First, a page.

Can a flippant approach to media relations have a positive effect?

LONDON - Even those who dislike Ryanair profess a sneaking admiration for chief executive Michael O'Leary's hang-the-consequences marketing style. But what does this devil-may-care attitude do to a brand?


Jon Ingall
Managing partner, Archibald Ingall Stretton

While I privately revelled in Ryanair throwing caution to the wind and telling its patrons to like it or lump it, it's just bad business to inform customers they aren't, in fact, always right. They say all publicity is good publicity, but it's a very risky strategy to insult your customers.
We've gone too far down the road of political correctness; you shouldn't always bow and scrape. However, there is a line, and Ryanair has crossed it with a blatant disregard for its client?le. Just because passengers pay low fees to fly, that doesn't mean they should forego any customer service. The real issue is that Ryanair has got its PR message confused. It's tried rather aggressively - and unsuccessfully - to cover a cost-saving exercise with the excuse that the saving is passed on to customers.
Giving customers a reason to stay with your brand is a basic principle of media relations, but it's all in the plan - and, like Hannibal in The A-Team, I love it when a plan comes together.


Vijay Solanki
Head of marketing communications,

The British media has a history of building up to knock down. So, although you might escape with being flippant to drive media coverage in the short term, you will be damaging your brand reputation with relevant media. This will always leave you prone to attack, even if you have a history of being really adept with the media. This applies whether or not you have a personality-led brand, such as Michael O'Leary at Ryanair.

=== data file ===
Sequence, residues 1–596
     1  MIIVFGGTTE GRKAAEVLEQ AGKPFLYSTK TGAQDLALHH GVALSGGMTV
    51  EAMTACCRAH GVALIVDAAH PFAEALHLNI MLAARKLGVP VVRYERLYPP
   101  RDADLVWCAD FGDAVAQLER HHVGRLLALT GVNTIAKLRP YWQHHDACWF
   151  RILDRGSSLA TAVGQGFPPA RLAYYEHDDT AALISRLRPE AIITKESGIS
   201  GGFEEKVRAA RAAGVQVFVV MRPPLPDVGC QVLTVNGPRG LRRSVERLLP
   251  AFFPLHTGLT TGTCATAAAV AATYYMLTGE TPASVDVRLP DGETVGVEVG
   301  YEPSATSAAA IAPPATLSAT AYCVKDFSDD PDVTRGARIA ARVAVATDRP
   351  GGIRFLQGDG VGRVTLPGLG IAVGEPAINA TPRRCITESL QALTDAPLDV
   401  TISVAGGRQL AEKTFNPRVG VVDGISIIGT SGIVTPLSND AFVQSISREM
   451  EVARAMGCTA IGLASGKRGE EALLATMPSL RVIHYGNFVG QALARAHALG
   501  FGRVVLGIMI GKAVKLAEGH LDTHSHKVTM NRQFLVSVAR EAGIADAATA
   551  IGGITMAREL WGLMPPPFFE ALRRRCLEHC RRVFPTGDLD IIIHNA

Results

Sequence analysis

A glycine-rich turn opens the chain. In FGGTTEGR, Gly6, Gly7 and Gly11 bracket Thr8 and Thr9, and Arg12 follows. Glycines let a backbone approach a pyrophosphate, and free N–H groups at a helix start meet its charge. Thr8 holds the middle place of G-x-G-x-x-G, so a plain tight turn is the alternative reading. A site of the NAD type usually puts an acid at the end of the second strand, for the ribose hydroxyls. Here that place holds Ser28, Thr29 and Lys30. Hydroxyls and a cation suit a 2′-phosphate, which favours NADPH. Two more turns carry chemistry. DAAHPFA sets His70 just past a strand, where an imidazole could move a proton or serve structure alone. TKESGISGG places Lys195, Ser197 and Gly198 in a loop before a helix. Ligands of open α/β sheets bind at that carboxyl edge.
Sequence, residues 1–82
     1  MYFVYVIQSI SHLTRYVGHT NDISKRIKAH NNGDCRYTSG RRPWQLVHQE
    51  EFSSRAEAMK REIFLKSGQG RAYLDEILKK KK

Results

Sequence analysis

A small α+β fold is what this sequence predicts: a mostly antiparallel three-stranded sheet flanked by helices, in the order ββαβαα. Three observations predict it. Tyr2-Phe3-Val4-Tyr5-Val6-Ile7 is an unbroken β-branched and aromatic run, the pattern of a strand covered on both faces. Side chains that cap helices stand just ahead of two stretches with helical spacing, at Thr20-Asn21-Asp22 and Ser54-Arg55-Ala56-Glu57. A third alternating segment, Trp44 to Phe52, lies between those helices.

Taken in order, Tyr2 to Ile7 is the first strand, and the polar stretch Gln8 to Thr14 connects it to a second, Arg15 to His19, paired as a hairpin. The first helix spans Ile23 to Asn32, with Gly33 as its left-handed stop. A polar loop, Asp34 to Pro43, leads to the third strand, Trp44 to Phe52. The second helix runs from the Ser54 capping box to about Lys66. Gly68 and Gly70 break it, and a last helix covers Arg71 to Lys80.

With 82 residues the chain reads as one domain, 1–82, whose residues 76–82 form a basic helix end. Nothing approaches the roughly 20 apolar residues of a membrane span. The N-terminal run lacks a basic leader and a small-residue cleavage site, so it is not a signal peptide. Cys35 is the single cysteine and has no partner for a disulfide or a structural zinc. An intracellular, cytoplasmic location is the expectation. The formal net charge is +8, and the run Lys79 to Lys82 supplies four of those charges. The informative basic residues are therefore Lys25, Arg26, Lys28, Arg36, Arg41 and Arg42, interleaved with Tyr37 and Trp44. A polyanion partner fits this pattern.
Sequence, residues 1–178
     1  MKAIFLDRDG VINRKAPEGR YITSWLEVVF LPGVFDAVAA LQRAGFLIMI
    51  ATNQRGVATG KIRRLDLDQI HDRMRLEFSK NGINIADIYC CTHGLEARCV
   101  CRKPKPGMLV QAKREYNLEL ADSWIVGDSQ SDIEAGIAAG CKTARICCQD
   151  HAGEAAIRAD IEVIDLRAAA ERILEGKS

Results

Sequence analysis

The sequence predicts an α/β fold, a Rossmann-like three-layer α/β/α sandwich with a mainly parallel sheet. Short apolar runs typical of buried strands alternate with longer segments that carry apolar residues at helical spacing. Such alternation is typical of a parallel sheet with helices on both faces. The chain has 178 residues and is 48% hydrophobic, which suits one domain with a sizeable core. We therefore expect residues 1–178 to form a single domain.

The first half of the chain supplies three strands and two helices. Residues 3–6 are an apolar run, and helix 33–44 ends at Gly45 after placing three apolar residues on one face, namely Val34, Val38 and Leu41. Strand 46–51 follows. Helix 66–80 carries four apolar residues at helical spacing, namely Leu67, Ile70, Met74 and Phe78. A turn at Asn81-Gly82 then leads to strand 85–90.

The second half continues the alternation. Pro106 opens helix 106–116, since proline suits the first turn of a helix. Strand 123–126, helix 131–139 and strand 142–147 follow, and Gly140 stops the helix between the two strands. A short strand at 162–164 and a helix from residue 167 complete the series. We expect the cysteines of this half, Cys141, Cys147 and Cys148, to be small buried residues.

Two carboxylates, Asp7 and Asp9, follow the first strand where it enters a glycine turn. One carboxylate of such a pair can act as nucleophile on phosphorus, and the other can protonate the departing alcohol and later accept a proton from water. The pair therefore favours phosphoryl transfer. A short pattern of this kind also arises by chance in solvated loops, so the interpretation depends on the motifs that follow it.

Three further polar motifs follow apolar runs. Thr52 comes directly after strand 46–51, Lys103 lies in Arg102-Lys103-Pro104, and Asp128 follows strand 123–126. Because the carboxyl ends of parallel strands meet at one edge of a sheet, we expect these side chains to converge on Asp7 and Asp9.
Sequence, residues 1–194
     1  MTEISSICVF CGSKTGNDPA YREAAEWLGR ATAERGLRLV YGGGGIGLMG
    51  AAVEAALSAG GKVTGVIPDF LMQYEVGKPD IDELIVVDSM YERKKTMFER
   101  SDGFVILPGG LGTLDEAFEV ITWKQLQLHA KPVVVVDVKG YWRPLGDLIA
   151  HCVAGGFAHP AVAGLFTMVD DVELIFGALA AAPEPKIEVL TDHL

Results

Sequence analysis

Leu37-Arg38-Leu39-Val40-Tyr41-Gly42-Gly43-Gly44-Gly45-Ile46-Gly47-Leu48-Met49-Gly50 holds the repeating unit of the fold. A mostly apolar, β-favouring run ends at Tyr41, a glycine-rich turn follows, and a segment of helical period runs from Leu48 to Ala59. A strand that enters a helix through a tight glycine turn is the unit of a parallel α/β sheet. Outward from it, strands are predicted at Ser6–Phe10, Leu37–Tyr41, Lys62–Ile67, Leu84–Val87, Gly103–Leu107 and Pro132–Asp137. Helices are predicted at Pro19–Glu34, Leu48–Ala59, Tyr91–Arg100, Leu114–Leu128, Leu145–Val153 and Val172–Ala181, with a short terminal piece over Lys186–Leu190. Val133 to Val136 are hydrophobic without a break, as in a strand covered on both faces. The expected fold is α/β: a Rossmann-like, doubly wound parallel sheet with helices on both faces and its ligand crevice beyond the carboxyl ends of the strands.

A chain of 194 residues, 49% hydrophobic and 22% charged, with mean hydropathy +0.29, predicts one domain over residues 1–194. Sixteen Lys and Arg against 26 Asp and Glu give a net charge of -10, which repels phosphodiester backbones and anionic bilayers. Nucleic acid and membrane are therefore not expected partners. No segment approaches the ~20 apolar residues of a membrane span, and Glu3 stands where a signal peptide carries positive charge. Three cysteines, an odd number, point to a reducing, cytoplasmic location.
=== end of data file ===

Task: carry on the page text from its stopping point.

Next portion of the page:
There are two aspects to this situation. One is the quality of your communications planning and media relations. The other, and the most important, is how your PR connects with your brand and customer experience. Further to O'Leary's threat to charge passengers £1 to use the lavatory, for example, on short-haul flights, what percentage of customers actually use the loo and what do they think? That's what really matters.


Ian Billington
Managing partner, Billington Cartmell

To be flippant is to be frivolous or inappropriate, and managing a brand
is about neither of these things.
There have been some cracking PR disasters where management has been sadly lacking and when chief executives let their guard slip it can have a near fatal effect. Standing for something, and an honest point of view, will invariably chime: the truthfulness of Papa John's founder and chairman John Schnatter's recent remark 'Pizzas are healthy if you don't eat too much. You can't have five or six slices' may irritate shareholders, yet it captures the mood for balance and common sense.
Michael O'Leary has championed low-cost air travel and undoubtedly contributed to the growth of Ryanair's brand value.
His brand has redefined what the category is all about, which is why - for the moment, at least - passengers will forgive his indiscretions. This latest remark may be pushing the flush of success a little too far, but, ultimately, I suspect that only sales of his scratch-cards (also £1) would suffer - not Ryanair's bookings.


Guy Lawrence
Chief executive, Quintessentially

Memorable? Yes. Talkable? Often. Entertaining? Can be. But does it generate a positive effect on the brand? It's a high-risk strategy that can backfire and kill the brand. You have only to think about the famous jeweller who ruined his business on the back of a flippant, albeit witty, remark.
What's the message? Media relations are critical to the future of any brand. They must be taken seriously and handled professionally. Fortunately, there are many talented experts in this area, which makes it much easier for the brand guys to get it right.
Managed properly, the messages will be memorable, talkable and entertain-ing, but also communicate the key ideas that differentiate the brand and make it relevant.
Get it right and it can be very powerful. Get it wrong and it can destroy shareholder value very rapidly. Why take that risk?


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